5 . . . . . . . . . . . Up to 10 years . . . . . . . . .Up to $2,500.00
4 . . . . . . . . . . . 2-10 years . . . . . . . . . . .Up to $100,000.00
3 . . . . . . . . . . . 5-20 years . . . . . . . . . . .Up to $100,000.00
2 . . . . . . . . . . . 20-life . . . . . . . . . . . . Up to $100,000.00
1 . . . . . . . . . . . Death or life in prison . . . . Up to $100,000.00

In most cases the judge can suspend part or all of the time imposed. However, in some cases, particularly firearm charges, there will be time which the judge cannot suspend.

Trial Procedure

1). Pretrial Hearing

At this hearing the judge decides whether or not you should have bond. The judge also determines whether you need a court appointed attorney.

2). Preliminary Hearing

At this hearing the judge is going to decide if there is enough evidence for a trial in your case. You will not plead guilty or not guilty.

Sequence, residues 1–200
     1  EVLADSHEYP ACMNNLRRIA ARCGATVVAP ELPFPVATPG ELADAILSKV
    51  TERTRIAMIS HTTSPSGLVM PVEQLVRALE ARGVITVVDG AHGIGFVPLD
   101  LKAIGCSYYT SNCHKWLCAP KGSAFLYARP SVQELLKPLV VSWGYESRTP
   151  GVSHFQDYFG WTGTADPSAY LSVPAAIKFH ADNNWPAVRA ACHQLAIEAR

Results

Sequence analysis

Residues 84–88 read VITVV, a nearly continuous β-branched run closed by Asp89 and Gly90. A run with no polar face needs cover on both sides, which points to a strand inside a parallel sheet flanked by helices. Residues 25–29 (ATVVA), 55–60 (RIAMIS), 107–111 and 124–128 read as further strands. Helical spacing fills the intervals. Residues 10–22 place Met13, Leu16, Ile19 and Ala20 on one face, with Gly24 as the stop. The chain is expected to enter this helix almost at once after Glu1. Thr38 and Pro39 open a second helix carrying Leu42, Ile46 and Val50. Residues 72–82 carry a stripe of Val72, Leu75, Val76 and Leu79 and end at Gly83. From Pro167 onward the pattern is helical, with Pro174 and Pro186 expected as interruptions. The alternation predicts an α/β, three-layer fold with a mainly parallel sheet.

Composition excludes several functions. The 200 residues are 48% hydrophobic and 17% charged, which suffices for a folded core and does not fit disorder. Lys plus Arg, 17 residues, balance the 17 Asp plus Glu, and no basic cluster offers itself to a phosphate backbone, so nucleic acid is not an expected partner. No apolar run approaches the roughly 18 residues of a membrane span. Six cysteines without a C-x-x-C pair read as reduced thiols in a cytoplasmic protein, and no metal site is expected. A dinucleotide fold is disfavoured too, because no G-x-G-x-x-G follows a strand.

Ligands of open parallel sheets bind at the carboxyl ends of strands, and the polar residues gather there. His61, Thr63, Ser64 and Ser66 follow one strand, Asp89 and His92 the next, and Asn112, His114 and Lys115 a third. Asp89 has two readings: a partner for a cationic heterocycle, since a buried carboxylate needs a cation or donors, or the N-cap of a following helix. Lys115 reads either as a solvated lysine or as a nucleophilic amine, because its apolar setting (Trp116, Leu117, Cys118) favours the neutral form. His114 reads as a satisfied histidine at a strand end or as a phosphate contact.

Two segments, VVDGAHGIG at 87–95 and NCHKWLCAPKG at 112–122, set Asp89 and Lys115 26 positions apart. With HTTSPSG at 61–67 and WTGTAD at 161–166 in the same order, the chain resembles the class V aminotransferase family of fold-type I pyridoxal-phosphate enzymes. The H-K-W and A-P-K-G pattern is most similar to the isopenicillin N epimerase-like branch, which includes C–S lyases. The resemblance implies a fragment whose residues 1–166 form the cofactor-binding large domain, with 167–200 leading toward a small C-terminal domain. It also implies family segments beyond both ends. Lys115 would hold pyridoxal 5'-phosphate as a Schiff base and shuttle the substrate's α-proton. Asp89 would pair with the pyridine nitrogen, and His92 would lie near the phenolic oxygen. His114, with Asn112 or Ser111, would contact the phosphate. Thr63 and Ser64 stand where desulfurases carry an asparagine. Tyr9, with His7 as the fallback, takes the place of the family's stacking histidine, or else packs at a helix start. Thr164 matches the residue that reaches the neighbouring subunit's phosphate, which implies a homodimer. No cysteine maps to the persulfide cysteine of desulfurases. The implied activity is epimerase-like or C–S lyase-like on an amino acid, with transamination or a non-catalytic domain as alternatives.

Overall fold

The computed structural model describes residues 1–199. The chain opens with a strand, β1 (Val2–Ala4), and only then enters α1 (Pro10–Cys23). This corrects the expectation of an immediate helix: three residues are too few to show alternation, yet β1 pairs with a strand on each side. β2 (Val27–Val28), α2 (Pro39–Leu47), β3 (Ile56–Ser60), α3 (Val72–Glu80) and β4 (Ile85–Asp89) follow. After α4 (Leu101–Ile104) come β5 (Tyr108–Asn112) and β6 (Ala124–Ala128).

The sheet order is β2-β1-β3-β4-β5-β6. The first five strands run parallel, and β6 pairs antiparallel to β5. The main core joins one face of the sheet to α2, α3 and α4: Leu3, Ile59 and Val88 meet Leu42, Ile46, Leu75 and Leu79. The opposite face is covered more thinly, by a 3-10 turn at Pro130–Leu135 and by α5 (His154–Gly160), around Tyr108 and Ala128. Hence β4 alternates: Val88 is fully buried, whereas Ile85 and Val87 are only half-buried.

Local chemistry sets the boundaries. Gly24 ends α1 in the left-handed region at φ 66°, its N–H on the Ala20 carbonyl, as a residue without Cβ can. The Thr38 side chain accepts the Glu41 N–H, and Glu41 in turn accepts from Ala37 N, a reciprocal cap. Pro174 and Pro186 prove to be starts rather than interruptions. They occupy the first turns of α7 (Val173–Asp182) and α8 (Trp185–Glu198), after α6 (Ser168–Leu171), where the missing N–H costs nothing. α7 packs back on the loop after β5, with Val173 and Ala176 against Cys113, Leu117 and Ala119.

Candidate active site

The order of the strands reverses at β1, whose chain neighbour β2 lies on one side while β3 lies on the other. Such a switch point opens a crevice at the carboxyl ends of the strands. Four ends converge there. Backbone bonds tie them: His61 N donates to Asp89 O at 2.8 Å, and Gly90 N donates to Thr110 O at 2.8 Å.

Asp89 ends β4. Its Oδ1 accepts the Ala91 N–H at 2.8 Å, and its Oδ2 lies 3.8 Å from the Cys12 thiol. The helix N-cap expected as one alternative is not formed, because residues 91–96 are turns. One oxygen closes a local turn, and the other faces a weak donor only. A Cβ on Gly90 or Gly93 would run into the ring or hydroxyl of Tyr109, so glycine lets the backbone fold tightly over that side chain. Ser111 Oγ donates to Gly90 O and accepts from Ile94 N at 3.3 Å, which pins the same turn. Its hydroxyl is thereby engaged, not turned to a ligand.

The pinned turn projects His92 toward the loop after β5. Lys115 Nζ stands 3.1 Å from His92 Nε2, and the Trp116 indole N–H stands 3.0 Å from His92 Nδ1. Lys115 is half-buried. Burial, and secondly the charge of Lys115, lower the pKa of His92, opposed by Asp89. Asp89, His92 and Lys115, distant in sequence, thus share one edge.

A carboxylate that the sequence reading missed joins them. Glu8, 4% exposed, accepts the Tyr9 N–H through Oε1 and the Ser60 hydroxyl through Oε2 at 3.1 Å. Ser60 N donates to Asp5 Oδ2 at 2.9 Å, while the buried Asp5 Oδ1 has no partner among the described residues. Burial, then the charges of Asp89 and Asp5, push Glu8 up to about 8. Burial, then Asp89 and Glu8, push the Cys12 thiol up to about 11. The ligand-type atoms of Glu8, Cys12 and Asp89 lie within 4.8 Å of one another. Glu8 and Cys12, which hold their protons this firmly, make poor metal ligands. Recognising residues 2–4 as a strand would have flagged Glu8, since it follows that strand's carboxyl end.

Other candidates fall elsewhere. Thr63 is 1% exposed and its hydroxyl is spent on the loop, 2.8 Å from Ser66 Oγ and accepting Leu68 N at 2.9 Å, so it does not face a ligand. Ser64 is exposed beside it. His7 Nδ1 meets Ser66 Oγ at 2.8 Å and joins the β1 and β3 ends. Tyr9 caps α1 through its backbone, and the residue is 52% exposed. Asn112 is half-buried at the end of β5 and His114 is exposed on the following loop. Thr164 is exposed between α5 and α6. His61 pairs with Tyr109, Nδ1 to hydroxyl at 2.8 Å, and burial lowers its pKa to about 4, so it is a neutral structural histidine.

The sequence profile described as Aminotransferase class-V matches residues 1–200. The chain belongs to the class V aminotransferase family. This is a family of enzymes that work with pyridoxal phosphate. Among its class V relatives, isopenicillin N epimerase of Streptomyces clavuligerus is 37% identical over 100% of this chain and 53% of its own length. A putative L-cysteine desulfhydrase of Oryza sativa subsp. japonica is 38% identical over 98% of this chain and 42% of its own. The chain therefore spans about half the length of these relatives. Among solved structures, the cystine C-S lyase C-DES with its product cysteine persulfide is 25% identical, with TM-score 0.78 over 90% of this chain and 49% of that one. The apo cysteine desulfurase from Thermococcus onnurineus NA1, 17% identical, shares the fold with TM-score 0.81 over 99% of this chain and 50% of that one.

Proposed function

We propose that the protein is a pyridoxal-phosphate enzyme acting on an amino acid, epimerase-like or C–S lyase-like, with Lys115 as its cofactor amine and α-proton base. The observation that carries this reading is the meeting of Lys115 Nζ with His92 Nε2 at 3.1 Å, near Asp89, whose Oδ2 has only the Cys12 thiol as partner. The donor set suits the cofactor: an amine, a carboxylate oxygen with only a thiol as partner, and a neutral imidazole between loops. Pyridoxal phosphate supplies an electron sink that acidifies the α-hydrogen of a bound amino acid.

Prior to the preliminary hearing the prosecutor may offer a plea agreement reducing the charge to a misdemeanor. This is entirely the choice of the prosecutor. I cannot force the persecutor to offer a plea agreement. If the prosecutor does not offer to drop the charge to a misdemeanor the judge cannot decide guilt or innocence on a felony. He will only decide if there is probable cause to go to trial; this means if there is any reason to think you might be guilty the judge will send the case to trial (even if the prosecutor cannot prove the case beyond a reasonable doubt). Because he does not have to prove his case beyond a reasonable doubt the prosecutor my not present all his evidence, just enough to get the judge to allow a trial.